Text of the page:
UN official says ‘every day counts’ in Gaza relief efforts

The UN’s top humanitarian coordinator in Gaza says Israel has taken steps to improve the delivery of relief supplies to the enclave, but more needs to be done to meet the vast needs on the ground. he warned.

Israel has announced efforts to increase the flow of aid to Gaza, including opening additional border crossings and accepting cargo at nearby ports. But the United Nations is issuing increasingly dire warnings that famine is imminent and that supplies remain below the levels needed to stop hunger from spreading.

Aid Coordinator Sigrid Kaag said at a Security Council briefing on Wednesday that Israel had made efforts to increase aid access and distribution, but that “further decisive steps are needed to ensure sustained aid flows.” And urgent action is needed.” Humanitarian and commercial supplies flow into Gaza in terms of volume, need and reach. ”

“Every day is precious given the scale and extent of the destruction and the extent of the human suffering,” she added.

according to united nations data, the number of aid trucks entering Gaza has increased, but only by a small amount. In his two weeks to Monday, the latest day for which statistics are available, an average of 195 trucks entered Gaza each day through his two main crossings in the southern part of the territory.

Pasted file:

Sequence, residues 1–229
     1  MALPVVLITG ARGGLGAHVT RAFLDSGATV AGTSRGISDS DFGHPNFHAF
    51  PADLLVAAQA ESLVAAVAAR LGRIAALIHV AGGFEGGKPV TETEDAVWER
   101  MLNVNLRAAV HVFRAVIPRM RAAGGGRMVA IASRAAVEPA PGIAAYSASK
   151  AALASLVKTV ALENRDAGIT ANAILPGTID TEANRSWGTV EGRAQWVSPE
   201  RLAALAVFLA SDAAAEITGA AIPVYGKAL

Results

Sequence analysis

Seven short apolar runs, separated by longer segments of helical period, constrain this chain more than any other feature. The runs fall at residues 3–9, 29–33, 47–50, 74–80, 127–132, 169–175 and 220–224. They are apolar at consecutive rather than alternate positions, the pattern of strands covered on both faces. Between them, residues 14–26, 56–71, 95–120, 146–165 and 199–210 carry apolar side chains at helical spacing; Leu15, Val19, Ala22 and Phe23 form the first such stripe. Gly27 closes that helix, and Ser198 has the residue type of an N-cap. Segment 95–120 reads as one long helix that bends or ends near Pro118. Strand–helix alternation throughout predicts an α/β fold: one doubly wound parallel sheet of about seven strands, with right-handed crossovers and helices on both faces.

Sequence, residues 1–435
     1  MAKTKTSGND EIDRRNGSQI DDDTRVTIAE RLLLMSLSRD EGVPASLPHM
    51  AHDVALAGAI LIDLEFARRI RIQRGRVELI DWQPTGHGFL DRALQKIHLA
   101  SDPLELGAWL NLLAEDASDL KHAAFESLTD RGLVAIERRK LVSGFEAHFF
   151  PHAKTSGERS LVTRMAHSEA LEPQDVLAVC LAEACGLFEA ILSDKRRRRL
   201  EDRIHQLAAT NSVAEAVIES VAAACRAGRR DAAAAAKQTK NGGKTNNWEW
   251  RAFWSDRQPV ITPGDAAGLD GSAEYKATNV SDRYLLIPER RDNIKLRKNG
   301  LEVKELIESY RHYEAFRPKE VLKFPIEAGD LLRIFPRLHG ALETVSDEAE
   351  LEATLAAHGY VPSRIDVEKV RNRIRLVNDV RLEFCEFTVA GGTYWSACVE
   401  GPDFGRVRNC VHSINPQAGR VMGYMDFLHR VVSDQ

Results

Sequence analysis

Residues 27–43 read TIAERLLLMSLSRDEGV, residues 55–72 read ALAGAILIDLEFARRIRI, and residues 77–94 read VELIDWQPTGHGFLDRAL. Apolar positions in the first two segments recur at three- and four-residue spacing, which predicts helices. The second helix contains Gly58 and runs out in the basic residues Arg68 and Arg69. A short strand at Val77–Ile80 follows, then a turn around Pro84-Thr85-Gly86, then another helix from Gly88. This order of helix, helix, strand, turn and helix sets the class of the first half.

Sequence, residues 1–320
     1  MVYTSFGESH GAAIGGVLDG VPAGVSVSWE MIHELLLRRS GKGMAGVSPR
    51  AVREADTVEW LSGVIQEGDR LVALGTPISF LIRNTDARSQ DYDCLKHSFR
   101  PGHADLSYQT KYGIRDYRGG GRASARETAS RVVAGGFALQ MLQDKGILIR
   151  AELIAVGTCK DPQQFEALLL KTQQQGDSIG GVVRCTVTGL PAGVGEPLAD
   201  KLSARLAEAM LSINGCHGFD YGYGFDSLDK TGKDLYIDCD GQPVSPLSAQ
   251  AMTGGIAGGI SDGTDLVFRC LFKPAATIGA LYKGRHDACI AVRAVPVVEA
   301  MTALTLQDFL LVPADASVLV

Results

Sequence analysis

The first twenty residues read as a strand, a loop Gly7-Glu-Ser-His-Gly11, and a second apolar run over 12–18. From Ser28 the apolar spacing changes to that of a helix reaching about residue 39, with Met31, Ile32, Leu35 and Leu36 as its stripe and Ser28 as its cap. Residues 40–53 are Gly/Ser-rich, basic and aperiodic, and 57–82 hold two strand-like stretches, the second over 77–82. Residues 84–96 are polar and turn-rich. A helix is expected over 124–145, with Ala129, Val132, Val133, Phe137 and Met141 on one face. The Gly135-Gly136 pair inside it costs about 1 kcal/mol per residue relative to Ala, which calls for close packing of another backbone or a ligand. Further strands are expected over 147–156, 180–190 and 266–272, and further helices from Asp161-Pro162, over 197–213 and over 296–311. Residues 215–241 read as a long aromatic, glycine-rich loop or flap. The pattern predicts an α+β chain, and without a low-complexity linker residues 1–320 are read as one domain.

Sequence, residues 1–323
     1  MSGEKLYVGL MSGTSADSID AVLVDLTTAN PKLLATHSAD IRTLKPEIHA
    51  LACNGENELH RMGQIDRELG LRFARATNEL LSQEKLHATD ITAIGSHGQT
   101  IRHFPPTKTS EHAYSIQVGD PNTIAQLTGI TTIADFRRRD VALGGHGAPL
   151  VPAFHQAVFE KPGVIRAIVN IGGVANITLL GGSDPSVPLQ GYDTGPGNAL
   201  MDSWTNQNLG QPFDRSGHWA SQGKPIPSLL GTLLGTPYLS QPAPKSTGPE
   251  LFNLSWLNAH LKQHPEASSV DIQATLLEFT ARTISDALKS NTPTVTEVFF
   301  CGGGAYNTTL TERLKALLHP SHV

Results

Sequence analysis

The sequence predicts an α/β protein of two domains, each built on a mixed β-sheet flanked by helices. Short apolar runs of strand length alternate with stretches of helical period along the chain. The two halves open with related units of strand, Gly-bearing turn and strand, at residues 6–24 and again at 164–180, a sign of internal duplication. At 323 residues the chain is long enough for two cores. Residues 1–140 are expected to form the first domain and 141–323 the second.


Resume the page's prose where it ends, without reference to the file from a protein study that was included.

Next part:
This is slightly above the average of 185 trucks per day for the previous two weeks, but less than the 300 food trucks the World Food Program needs per day to meet people’s basic needs. It’s still not far off.

Kaag, a former finance minister and deputy prime minister of the Netherlands, was appointed by the United Nations in December to step up efforts to obtain aid for Gaza. The role was established in a Security Council resolution aimed at addressing the humanitarian crisis in Gaza, which has been under heavy shelling by Israel since the Hamas-led offensive on October 7.

Countries including the United States are exploring air and sea routes to Gaza, but aid groups say delivery by truck is far more efficient. They detailed the challenges of passing through Israeli security checkpoints and navigating through combat zones, including impassable roads, unexploded ordnance and fuel shortages. Israel denies aid restrictions and blames bureaucratic delays at the U.N. agency.

Mr. Kaag said the United Nations was in communication with the Israeli government about urgent measures needed to improve aid flows, including easing procedures at Israeli checkpoints, repairing roads and allowing humanitarian convoys to move on schedule. He said he was taking it.

Kaag’s comments echo those of David Satterfield, President Biden’s special envoy for humanitarian affairs in the Gaza Strip, who said Tuesday that aid to Gaza is increasing but that “more We need help.”

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